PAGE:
Davis: I think banks really do know that’s the situation and a lot of the talk early on in the process has been from tier 1 banks and they have the resources to build their own risk system. They recognize the same thing that the PnL process is too complex, the risk system will never match up, they’ve got multiple end of days, they’re got so many reasons why they need to reengineer the PnL process. That’s the challenger with tier 1 banks, but unfortunately with reengineering the PnL process they sort of talk about reducing the number of front office systems, it becomes a very big, complete system overhaul for the front office. The primary point that Satyam rose earlier, that the desk structures are going to optimize capital as they’re sort of lost in the mix because they’re so concerned with getting the process of system realignment going before they actually have the answers on where they need to… maybe they shouldn’t be touching their front office systems. What they really should be doing is focusing on a calculation that gives them to see where the alignments out and start focusing particularly on the PnL process because if they can get the PnL process cleaned up, they don’t need to replace the front office systems. They might need to step back a little bit and move the PnL process more into the middle office, which is kind of a different approach to what a lot of the banks have been thinking. They’ve been thinking about moving their risk processes into the front office; front office systems are large, they take a long time to install, they’re not really proven good implementation sites for risk processes where you need independent oversight, you need to go to rerun things, you really need to go back and see what the situation was yesterday, the day before. These are all problems that have been solved over the years on the risk side and suddenly banks are thinking we’re going to throw all that away and move into the front office and suddenly build it all up again just because we want to have common models just because we want to pass the PnL test. So I see that probably that big banks, the tier 1 banks, have got the resources to attempt that but smaller banks really if they just focus on the PnL process that they have, which is probably a lot simpler, sure it might not match up with their current risk process because who’s invested enough in the risk process but that problem can be attacked directly and I think if there’s a system out there that can give you the impact for capital, that Satyam rose, and also start giving you some comfort around aligning with your PnL then that should be a much more direct approach for banks.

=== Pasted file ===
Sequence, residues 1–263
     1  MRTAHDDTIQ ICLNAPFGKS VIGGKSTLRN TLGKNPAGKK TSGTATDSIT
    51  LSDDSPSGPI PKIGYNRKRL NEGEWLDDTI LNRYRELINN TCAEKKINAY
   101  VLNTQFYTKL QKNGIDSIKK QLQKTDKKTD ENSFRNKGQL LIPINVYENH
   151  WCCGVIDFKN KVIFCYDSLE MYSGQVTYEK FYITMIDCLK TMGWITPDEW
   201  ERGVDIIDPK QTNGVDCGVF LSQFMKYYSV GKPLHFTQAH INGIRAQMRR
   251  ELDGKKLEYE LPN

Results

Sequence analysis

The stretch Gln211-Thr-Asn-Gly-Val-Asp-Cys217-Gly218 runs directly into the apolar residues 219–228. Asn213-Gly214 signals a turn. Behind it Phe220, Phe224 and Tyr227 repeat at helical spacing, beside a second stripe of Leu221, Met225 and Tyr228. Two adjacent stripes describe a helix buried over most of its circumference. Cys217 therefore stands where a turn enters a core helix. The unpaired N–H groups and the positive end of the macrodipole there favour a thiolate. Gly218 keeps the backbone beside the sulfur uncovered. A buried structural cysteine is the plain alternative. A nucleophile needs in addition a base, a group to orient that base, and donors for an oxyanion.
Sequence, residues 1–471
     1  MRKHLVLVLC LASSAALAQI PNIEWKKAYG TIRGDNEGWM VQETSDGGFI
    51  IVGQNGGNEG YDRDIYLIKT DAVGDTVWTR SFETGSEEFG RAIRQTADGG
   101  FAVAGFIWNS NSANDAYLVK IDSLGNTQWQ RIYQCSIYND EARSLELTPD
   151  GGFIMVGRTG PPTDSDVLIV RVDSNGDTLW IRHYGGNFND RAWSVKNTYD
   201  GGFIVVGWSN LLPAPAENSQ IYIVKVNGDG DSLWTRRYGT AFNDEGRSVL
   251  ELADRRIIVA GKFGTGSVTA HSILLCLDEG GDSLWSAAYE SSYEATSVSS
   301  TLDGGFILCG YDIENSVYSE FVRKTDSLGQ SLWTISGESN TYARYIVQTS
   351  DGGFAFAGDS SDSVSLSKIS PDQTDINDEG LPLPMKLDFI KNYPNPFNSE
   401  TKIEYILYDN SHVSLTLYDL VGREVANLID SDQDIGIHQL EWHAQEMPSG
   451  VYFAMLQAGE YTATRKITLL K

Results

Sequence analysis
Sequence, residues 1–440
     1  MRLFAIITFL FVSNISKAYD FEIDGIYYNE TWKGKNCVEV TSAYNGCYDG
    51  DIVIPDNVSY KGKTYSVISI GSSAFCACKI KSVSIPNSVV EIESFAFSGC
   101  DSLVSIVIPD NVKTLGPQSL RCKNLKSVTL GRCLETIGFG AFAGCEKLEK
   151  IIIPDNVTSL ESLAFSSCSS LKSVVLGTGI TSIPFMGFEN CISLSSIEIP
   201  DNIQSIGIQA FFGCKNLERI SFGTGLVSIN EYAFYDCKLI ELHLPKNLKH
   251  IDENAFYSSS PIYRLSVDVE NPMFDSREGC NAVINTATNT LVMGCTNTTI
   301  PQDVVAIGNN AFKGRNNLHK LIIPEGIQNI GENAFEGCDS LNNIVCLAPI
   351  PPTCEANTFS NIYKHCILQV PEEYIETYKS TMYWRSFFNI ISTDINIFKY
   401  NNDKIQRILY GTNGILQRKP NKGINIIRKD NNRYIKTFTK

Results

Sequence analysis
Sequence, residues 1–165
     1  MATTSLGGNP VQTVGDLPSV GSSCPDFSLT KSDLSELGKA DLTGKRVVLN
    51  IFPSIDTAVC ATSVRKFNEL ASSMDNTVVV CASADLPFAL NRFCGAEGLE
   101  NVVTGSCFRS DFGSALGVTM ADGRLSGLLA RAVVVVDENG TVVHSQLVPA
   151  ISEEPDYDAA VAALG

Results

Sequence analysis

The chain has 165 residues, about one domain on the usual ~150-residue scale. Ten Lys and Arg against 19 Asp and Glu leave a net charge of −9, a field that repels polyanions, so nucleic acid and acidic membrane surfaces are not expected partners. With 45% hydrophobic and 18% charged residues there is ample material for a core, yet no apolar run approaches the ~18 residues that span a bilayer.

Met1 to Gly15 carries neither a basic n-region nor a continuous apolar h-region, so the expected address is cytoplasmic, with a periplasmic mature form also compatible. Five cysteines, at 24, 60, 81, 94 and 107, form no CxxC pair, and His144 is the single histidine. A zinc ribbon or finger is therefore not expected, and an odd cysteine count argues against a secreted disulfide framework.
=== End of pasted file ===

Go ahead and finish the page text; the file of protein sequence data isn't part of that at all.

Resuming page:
Jockle: Satyam we’ve seen budget reports on FRTB implementation ranging anywhere from a 5-million-dollar implementation to a 250-million-dollar overhaul. What are some of the drivers you’re seeing in that disparity, is it the reduction, the complete replacement of a risk infrastructure? What is causing the wideness of that number?